As if I could dream. Copyright 2011 Blue Algae Creative
As promised, I'm back with more from the School House Craft Conference. I know, I'm kind of shocked too. For some neurotic reason, once I declare I'm going to do something here on the blog it's usually the kiss of death and it never happens. Hey, maybe I'm growing up.
This second installment of wisdom gleaned from the folks who have been there done that is all about the Dos & Don't of Approaching Shops & Galleries with your fine art or craft.
On the panel we had a variety of perspectives:
A married couple, both creative, both in the business of making/selling art, with their current focus being on Ryan's illustrations.
Emily Grosse : Assemble
Part owner and manager of a Seattle gallery, store, and educational center for fine craft.
Andrea Porter : Matthew Porter Art
Once owned and ran a gallery. Now manages her husband's artistic career.
Preparation is key before approaching a gallery or store for the purpose of getting them to feature your work.
* You need to know the names of the owners/managers you will be approaching, read their bios when available. Research!
* Visit the location when possible. Have a good sense about whether your work fits in with the aesthetic sensibilities of the particular shop/gallery, and be able to state why.
* Know the neighborhood that the shop/gallery is situated in, whether it is in line with your work (traditional galleries vs. indie craft, for example), and whether you have work in other places near by (may not be great to saturate the area with your product because it becomes more difficult for any one store to sell much).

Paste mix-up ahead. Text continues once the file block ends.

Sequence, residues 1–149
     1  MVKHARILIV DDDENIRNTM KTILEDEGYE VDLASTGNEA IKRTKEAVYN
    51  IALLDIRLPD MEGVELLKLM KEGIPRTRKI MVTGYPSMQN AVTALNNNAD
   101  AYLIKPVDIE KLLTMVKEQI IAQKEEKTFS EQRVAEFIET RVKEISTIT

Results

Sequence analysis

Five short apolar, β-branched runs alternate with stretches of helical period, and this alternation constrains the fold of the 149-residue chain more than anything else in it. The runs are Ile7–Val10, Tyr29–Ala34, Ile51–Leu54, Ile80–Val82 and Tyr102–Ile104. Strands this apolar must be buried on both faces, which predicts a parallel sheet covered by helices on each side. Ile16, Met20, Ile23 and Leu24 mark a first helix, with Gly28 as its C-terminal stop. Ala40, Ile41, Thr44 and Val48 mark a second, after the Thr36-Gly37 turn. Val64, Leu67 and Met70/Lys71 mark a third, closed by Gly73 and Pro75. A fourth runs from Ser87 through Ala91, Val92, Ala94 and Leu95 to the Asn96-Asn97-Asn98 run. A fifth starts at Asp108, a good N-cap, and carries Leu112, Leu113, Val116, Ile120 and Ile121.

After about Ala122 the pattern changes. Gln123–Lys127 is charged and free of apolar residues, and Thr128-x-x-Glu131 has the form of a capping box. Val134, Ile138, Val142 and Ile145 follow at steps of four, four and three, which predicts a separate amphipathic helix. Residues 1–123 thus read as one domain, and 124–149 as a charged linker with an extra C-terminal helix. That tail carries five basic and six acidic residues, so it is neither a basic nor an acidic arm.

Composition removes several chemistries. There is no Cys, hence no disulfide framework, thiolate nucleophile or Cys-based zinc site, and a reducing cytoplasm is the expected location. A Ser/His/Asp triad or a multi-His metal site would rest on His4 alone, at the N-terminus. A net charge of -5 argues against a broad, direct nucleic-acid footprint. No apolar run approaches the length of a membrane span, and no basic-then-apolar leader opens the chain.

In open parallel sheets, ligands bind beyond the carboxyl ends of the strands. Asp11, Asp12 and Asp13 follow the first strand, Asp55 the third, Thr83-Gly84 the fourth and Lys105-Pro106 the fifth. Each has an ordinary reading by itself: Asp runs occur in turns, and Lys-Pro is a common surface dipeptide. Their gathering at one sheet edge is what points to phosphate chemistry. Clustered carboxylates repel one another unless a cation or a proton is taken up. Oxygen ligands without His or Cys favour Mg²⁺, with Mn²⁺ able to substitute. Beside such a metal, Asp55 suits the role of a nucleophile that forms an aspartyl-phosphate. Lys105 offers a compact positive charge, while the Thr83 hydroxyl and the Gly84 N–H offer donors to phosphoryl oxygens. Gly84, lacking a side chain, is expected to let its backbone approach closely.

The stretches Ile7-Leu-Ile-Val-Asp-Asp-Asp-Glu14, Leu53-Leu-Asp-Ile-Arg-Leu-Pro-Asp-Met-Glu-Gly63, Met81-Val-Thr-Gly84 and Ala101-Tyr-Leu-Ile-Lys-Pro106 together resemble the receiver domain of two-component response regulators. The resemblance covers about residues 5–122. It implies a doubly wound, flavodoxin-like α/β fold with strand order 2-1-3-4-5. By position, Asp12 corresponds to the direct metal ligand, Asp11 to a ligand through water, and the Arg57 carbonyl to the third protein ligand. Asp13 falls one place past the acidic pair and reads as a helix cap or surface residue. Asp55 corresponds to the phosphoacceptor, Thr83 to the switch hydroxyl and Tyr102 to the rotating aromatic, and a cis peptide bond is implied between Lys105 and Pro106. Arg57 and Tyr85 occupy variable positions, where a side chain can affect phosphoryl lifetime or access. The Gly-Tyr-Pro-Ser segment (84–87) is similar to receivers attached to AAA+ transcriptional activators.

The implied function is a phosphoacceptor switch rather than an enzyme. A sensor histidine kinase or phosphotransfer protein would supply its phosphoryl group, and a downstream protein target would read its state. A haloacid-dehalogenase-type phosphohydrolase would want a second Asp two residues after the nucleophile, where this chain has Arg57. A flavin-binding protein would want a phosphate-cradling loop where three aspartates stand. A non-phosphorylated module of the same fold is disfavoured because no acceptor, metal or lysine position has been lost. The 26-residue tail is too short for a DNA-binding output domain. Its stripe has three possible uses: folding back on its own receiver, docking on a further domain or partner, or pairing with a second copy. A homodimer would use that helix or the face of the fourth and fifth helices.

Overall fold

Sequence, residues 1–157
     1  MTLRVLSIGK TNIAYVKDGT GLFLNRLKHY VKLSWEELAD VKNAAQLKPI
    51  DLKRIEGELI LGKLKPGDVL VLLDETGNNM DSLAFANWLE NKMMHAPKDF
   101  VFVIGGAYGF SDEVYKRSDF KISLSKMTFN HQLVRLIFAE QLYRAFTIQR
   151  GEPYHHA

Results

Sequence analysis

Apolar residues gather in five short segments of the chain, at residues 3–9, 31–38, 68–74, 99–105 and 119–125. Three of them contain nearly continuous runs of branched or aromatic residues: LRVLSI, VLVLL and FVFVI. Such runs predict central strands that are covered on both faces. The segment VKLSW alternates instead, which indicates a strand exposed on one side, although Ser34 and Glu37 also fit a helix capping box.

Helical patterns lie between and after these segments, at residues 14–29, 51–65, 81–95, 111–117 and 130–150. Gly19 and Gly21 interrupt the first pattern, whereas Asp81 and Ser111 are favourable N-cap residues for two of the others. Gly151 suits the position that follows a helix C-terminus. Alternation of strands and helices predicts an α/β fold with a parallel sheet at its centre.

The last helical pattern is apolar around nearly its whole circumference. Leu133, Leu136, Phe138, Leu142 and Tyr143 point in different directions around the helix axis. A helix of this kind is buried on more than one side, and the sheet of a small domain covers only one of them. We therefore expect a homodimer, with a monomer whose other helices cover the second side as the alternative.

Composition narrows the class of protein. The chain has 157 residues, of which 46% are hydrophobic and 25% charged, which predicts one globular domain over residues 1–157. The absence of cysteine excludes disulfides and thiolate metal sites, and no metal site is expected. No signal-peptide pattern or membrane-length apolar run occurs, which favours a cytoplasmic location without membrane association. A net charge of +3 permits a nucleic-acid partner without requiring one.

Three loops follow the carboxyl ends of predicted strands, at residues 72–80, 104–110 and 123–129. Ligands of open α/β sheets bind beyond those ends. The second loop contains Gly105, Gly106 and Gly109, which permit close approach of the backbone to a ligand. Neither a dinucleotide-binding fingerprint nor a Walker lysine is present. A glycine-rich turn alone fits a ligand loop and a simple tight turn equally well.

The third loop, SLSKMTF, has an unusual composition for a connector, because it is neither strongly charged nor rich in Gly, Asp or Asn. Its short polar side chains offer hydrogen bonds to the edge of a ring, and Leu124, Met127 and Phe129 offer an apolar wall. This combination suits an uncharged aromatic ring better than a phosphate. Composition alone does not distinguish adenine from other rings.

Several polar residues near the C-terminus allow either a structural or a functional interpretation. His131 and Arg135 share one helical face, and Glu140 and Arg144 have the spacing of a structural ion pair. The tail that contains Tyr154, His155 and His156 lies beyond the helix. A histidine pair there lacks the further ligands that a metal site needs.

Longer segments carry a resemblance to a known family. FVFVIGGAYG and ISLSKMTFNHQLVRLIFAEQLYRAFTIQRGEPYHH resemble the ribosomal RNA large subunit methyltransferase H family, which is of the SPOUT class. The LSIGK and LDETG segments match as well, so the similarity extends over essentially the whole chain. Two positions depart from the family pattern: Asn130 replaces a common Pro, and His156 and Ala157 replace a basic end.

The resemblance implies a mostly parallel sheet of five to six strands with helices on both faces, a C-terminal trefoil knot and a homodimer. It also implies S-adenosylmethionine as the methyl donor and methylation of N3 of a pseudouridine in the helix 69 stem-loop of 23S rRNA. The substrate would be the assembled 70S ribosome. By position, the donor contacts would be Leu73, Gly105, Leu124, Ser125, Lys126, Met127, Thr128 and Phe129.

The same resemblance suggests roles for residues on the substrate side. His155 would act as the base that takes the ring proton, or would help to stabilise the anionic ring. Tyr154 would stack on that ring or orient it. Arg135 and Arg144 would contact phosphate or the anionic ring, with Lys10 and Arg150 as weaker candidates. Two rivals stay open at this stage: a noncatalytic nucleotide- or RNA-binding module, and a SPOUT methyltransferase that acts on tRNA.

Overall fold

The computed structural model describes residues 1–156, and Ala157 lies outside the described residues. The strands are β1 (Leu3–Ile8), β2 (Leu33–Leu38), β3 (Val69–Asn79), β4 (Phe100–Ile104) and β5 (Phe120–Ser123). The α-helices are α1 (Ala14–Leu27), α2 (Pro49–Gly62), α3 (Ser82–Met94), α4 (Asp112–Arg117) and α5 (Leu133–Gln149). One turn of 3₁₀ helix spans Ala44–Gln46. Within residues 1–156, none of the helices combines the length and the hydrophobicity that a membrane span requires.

* Be personable and professional, friendly and considerate.
Most Effective First Contact:
* Walking in out of the blue and wanting to show a portfolio to someone there is not the most tactful approach. It assumes that the people working there will drop what they are doing to look at your work, which can be read as disrespectful. There are folks who don't mind this approach however, so it's a judgement call.
* Emailing first is a good idea, but make sure you have the right names and that they are spelled correctly. Follow up a few days later via a phone call or email.
* If you happen to be in the store/gallery when you decide you'd like to submit a portfolio for consideration, give them a business card and say that you might be a good fit. They might tell you how to go about contacting the appropriate people or you can ask to send an email.
* Another option is to send a packet through regular mail, which might include samples, business cards, handwritten note, and a line sheet.
* Ultimately you need to be clear about what you make and what your "point of view" is.
What Owners Look For in Artists:
* Will your product sell?
* Do you have a web presence?
* Do you have a track record for selling?
* Is there a sense about you that you are a serious working artist?
* Do you have a vision, a clear point of view, about your products?
The takeaway for my own business:
* I need an artist statement (grumble)
* I need to streamline the BAC name/image
* I need to get some sales under my belt online, or figure out why I'm not getting those.
* I need to figure out what my market is.
* I need to network, meet other artists and get to know the local art scene (SHIT!!!)
I hope this was helpful!